Alan Rusbridger is no pushover. As a matter of fact, the editor-in-chief of The Guardian can really dish it out. His left-liberal British daily takes on politicians, celebrities and multinationals alike. But last year even Rusbridger was cowed when he got a letter from the London law firm of Carter-Ruck – on behalf of the supermarket colossus Tesco. In a painstakingly researched article, The Guardian had disclosed Tesco’s use of tricky transactions to trim its tax bills. And that was not untrue, though the authors did confuse two different kinds of tax. The newspaper admitted the mistake and published two apologies, but Carter-Ruck would not let up. To keep fighting to the bitter end would have cost The Guardian an estimated £5m – a disaster that would have compounded an already difficult financial situation.However, The Guardian got lucky, when the skirmish ended in a settlement. But to Rusbridger’s mind, the case just goes to show once again that British law is not at all so much about rehabilitating tarnished reputations, it’s about money. Big money. And that’s why publishers, scholars and scientists, civil rights activists and the PEN writers association are mobilising against libel law, which is supposed to protect people and companies against damage to their reputation. Even the United Nations has already come out with a harsh assessment that reads rather like a condemnation of dubious practices in a Third World country.
Burden of proof falls on defendants
The UN believes that UK libel law is becoming a serious threat to freedom of expression and freedom of the press – not only in England, but worldwide, because in principle just about any so-called libeller can be dragged into a British court. To wit, billionaires from the Middle East and Russian oligarchs bent on gagging their detractors show a marked preference for British courts. Iceland’s Kaupthing-Bank took umbrage in 2007 at a disparaging write-up in a Danish paper – and filed suit in London. One Ukrainian hauled his compatriot before an English judge to refute statements – in Ukrainian – on the latter’s Ukrainian website.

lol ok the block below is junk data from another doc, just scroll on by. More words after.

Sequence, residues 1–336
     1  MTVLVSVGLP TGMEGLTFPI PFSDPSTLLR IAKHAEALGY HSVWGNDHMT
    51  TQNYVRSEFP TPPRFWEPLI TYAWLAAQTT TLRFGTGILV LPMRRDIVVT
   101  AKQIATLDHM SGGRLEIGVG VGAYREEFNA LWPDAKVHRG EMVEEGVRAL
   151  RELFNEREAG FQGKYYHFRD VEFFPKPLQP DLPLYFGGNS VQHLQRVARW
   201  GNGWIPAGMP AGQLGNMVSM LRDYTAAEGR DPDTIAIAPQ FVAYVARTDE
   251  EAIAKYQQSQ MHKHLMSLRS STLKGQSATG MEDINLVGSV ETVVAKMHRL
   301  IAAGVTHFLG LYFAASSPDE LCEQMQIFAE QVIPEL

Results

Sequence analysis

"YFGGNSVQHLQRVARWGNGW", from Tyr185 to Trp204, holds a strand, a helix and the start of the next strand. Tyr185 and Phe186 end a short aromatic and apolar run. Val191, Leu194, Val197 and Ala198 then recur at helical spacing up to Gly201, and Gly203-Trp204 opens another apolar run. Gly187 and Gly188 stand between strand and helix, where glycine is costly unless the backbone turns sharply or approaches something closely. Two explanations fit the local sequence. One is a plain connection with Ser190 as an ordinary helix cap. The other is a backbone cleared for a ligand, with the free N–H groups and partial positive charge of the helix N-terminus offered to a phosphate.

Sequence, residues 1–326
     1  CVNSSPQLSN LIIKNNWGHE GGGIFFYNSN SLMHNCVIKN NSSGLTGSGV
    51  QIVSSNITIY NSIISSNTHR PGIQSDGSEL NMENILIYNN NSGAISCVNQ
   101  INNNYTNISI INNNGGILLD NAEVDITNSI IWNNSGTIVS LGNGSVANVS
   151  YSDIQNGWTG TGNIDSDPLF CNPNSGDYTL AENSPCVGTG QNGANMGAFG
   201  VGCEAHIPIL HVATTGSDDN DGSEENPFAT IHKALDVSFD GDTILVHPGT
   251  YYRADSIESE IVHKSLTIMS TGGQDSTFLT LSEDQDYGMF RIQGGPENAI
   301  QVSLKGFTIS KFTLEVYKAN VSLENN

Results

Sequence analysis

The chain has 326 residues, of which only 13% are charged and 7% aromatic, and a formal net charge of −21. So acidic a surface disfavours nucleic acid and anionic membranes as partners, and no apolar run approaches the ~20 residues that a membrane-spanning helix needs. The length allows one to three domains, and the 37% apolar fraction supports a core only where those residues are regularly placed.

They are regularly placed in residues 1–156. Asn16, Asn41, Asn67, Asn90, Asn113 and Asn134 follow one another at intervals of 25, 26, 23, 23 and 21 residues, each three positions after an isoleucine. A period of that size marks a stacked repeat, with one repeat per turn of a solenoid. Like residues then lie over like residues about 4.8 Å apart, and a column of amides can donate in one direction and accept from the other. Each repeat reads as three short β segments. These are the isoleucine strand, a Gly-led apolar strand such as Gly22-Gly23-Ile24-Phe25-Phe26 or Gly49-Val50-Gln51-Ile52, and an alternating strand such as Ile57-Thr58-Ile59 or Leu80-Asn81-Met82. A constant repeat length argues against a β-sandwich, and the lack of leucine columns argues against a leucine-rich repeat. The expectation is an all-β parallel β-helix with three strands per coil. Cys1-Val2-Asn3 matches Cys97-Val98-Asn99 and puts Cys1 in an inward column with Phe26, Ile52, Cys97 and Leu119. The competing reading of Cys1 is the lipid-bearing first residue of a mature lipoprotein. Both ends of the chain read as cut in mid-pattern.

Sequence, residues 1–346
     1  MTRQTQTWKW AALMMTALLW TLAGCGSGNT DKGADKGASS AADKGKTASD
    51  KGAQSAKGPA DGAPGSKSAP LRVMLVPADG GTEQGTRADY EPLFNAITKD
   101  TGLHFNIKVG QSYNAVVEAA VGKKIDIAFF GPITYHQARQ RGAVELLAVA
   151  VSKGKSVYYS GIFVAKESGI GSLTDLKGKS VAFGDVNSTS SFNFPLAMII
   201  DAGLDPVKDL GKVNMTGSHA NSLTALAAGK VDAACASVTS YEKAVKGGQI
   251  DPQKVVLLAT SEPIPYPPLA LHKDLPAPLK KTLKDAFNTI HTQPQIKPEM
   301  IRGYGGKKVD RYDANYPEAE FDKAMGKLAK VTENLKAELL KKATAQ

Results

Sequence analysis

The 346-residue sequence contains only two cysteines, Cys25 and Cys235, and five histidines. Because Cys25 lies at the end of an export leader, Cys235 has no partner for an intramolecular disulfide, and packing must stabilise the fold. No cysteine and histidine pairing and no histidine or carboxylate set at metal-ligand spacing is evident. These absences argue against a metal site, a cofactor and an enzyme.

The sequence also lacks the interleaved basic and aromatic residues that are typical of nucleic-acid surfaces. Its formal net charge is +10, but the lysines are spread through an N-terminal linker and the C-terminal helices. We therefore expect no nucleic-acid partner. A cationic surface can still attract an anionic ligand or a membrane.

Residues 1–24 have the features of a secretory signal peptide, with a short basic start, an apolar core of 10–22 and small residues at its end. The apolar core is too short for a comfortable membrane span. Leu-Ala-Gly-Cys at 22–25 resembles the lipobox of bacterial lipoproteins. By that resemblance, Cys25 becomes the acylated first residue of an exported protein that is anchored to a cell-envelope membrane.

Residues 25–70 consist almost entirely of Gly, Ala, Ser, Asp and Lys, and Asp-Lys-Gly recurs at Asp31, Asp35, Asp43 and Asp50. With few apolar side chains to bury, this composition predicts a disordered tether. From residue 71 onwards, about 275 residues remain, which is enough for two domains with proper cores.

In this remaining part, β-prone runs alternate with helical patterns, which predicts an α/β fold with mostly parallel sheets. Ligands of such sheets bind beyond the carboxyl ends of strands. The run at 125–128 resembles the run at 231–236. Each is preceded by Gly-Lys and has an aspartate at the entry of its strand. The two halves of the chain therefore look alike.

Generally speaking, a publisher can be sued in the British capital even if only a handful of copies of the irksome periodical are sold in the UK or if the website with the contentious article has been accessed a dozen times from there. So UK justice secretary Jack Straw has announced he’ll be setting up a task force to propose reforms to what he calls the “chilling” libel laws, some of which are over a century old. MPs have been incensed ever since Carter-Ruck not only threatened to sue The Guardian on behalf of a Big Oil client to suppress a planned article about toxic waste, but actually sought to restrain the paper from covering the parliamentary debate about the case. Libel law in Britain, unlike the rest of the democratic world, gives the plaintiff the benefit of the doubt: the defendant is guilty until proven innocent. Even if the latter wins the suit (which rarely occurs), he still has to defray his own – often hefty – legal expenses.
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US blocks UK libel judgments
Consequently, many publishers have got to ask themselves whether they can actually afford to defend their journalists in court – which is why the vast majority of such cases never get their day in court. To play it financially safe, many a paper opts for a settlement, even if that is apt to put a dent in their credibility. Or they simply refrain in future from investigating sensitive subjects like terrorism or corruption. “The disproportionate costs have become a threat to investigative journalism,” says Counsel Hooper – especially in the current crunch, with many newspapers compelled to cut costs as it is. And yet the financial crisis has also made painfully clear how crucial critical oversight really is.
The US media are particularly put upon by the British system. American courts allow the press to make mistakes as long as they have exercised due diligence and shown no harmful intent. But London can make them pay dearly for such inadvertent slip-ups. California is now the fourth US state to pass legislation rendering claims under foreign libel suits unenforceable. And a federal law to the same effect is now forthcoming in Washington DC – a remarkable development for such closely allied nations. In November, to protest British libel laws, some major US dailies like The New York Times and Boston Globe even threatened to discontinue distribution of their papers to Great Britain and block access to their online editions.